No more talk about a "war on poverty"? GOOD!
Government has tried battling poverty by creating low-income housing. "The projects" originally was just the literal term, but today everybody knows it as a synonym for crime-infested neighborhoods where poor people have become trapped.
Government has tried battling poverty by giving cash handouts to the poor. This succeeded only in raising new generations of "Black America" to be dependent on the government dole, instead of on their own initiative and skills.
Government has tried battling poverty by raising the minimum wage. But instead of increasing the incomes of those at the bottom of the wage scale, that only made some of them too expensive to employ. Young people looking for first jobs would stay unemployed (and as poor as can be), and sometimes they would turn to crime.
Government has tried battling poverty by enacting social programs, whose innate bureaucratic red tape, corruption and fraud consistently waste more taxpayers' money than could ever be put to good use. Egged on by self-righteous pundits, bureaucrats redistribute other people's money and typically help the wrong people anyway.
Government has tried battling poverty by educating young people from poor families so they can get good jobs, except that the teachers unions care only about getting more teachers instead of good ones (bad teachers are more numerous than good ones). It's also hard to get a good teacher to commute into the projects that government created. Then the bad teachers, politically correct and wanting to make their students feel good, fills young people's minds with nonsense, convincing them that the rest of America left them behind, and that it's government's obligation to give them a living.
So you tell me: would you rather rely on government, whose track record I have laid out here, or would you rather follow Ted Nugent's idea? The latter has said some great stuff, including this on Sean Hannity's show a few years ago: "You want a cure for poverty? Get a job!"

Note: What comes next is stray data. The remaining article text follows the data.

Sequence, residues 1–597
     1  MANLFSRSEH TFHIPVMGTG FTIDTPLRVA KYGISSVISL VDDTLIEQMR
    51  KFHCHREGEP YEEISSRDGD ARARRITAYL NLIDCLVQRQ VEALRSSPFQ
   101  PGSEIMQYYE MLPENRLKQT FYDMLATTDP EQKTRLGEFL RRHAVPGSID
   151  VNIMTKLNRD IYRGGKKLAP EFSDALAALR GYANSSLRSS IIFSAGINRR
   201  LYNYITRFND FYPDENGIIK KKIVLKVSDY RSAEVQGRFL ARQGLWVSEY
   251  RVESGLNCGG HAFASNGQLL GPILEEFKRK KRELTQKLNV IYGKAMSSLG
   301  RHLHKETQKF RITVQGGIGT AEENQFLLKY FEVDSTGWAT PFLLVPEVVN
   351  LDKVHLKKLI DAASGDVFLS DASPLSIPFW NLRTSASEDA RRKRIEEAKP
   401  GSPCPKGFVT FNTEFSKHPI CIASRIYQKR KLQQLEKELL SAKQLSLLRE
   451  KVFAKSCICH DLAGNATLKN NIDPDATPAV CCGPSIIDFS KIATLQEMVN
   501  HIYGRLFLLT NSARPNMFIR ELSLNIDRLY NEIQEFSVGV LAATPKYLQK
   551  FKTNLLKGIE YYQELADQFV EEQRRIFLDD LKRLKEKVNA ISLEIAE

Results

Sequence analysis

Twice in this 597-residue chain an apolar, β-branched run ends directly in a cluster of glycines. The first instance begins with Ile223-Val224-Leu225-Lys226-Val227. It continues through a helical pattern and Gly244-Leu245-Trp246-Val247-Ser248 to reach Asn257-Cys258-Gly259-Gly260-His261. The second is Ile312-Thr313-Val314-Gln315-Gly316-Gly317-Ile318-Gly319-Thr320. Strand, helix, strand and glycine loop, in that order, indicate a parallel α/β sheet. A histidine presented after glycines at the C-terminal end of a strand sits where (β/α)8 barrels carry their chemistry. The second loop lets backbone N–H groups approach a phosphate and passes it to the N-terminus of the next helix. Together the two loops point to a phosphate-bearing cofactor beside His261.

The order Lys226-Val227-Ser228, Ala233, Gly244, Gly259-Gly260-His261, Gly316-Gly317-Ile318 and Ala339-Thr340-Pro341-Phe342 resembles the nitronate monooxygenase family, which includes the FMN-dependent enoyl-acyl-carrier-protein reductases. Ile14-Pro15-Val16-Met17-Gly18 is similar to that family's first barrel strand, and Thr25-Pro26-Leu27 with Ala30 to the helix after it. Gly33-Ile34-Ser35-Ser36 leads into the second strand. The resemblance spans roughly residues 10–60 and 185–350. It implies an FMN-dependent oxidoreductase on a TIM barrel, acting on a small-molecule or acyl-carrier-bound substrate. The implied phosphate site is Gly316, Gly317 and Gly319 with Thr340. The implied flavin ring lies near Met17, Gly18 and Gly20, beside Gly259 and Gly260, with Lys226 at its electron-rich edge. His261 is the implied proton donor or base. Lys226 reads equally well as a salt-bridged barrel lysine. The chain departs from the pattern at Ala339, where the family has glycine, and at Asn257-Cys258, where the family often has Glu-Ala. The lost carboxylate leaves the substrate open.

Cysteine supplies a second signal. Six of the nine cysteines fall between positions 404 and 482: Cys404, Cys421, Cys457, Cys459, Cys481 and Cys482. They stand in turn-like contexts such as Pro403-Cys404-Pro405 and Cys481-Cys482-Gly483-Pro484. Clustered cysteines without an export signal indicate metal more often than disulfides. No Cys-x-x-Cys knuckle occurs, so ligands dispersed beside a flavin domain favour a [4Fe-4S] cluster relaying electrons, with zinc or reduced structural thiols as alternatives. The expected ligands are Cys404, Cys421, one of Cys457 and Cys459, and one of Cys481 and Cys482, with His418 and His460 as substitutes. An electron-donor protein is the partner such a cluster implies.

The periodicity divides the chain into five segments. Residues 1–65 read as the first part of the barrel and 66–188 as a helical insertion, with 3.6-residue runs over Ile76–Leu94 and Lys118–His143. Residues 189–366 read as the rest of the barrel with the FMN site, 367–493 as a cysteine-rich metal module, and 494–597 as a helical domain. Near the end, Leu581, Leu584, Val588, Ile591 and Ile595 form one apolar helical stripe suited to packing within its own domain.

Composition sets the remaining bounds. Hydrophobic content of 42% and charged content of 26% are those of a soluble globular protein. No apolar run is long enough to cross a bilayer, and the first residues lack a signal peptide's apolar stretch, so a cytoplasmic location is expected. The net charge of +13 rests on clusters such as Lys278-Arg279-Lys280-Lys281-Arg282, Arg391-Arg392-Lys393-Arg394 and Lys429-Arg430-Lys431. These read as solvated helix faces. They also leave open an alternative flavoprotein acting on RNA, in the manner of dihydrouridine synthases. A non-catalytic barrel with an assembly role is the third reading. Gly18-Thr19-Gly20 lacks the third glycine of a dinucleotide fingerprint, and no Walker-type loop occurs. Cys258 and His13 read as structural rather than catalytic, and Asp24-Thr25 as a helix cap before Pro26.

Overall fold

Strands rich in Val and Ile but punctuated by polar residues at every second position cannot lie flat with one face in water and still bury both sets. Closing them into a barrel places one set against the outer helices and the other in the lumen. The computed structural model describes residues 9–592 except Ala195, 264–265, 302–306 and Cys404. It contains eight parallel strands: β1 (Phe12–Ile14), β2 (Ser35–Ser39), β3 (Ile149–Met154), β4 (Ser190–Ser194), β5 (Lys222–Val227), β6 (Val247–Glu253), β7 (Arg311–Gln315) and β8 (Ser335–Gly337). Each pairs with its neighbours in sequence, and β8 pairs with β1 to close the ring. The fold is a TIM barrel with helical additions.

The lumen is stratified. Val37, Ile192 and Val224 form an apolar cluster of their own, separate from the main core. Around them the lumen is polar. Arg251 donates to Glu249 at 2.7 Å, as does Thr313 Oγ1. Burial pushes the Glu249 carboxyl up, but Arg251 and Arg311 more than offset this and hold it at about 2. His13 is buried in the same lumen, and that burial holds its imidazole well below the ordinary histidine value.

I was thinking earlier today, before I read this article after coming home, that so many people think that 40 hours' pay each week should suffice for their living. So many people don't understand that if your labor does not earn you as much as you need, perhaps you need to labor more instead of using government to coerce your employer.
If a $5 per hour job isn't enough for a single mother to sustain her family, perhaps she needs to work a second job, no matter what that hypocrite John Edwards says is "unfair." And perhaps she shouldn't have gotten pregnant in the first place, or at least have fooled around with someone who'd be more responsible for his own children. Those notwithstanding, perhaps children when old enough need to get jobs to help out the family. My father was a promising track athlete in high school, but he had to give it up to work.
And even so, being "poor" in America today is hardly what poverty used to be. My father's family was poor and could afford only the cheapest food in scarce quantities. Once his mother told him, "I'm sorry, there's nothing to eat." That is poor. Today, poor Americans are considered "poor" because they can afford a place to live and enough food to eat, just not all the niceties of a middle-class lifestyle.
Blogging has been light again. In addition to my day job tiring me out again and writing my Intrade (aka Tradesports) newsletter on the side, I caught a very bad cold at the end of last week. I said good morning to one of my friends on Monday. Her back was turned to me as I entered the office pantry and greeted her, and she didn't recognize my voice at all.
However, this is not France, so for about $20 worth of cold remedies, I was able to go to work and be nearly as productive. Hopefully my latest Intrade newsletter will be published tomorrow: last week I talked a bit of economics, and this week I talk a bit about statistics.
Labels: Government charity